A Child's Perspective
The death of a loved one affects everyone in the family,
including children. During this difficult time, children will
confront many of the same emotional challenges as adults. Terminal
illness and a death in the family may force family members to spend
time away from their children.
While these absences are usually an essential duty of care for
adults, they can often be seen as neglect in the eyes of a young
child. Reassuring children at this stage will help to displace any
sense of guilt or frustration that may be felt.
It is important that the child's sense of loss is recognised in the
period following the death of a loved one. There is a tendency for
adults to try and protect children from the pain but they, too,
must be allowed to come to terms with their new
The funeral provides an important opportunity for children to
adjust to their loss and to say their own goodbyes. An explanation
of the events that will take place should be offered so that
children can be encouraged to share the funeral experience, accept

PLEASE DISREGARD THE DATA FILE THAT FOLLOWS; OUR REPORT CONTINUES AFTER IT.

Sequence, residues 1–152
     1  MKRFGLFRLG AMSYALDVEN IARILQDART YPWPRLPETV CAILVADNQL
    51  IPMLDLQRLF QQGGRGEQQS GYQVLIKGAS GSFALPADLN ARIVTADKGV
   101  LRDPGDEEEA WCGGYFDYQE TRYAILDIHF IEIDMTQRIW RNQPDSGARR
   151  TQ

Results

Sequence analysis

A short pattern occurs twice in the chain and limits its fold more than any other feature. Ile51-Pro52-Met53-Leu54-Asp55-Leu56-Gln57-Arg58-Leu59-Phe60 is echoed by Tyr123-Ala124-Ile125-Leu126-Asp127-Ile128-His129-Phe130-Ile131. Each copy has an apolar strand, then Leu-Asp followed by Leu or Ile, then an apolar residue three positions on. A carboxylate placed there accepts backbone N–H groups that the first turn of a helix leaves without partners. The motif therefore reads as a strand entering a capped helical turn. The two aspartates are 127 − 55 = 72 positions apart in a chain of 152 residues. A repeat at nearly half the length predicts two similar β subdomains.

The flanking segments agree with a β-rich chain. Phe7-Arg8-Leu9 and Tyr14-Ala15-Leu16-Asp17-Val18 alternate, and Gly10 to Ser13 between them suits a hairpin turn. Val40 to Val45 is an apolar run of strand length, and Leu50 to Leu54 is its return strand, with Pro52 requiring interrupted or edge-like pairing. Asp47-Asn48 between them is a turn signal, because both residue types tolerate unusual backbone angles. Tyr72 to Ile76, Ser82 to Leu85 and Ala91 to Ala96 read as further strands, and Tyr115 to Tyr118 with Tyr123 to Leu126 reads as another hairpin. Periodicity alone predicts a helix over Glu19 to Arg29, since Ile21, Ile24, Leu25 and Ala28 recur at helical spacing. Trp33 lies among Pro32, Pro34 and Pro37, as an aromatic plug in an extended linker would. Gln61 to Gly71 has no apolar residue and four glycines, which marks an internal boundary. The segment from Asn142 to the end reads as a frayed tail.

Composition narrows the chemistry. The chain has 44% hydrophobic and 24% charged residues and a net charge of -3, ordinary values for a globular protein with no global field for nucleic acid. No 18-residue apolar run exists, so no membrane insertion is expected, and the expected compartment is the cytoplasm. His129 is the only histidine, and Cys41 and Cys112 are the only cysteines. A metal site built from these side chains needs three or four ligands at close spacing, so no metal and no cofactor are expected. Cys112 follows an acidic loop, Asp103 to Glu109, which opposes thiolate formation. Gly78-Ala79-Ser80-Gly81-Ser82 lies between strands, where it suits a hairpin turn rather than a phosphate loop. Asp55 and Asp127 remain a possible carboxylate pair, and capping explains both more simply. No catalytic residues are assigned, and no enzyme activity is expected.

the death and reconcile their grief with the rest of the family and
Encouraging children to be open with their feelings is central to
reconciling any symptoms of grief. Recognising that these symptoms
may be related to your own will help you to give comfort and allay
Taking time to answer children's questions about death is an
important stage in their grieving process. While many of these
questions may appear simplistic or naïve, they are legitimate
concerns for the child.
In order to help parents care for grieving children, Burstows has
available a guide that has been written specifically to answer some
of the questions that are frequently asked.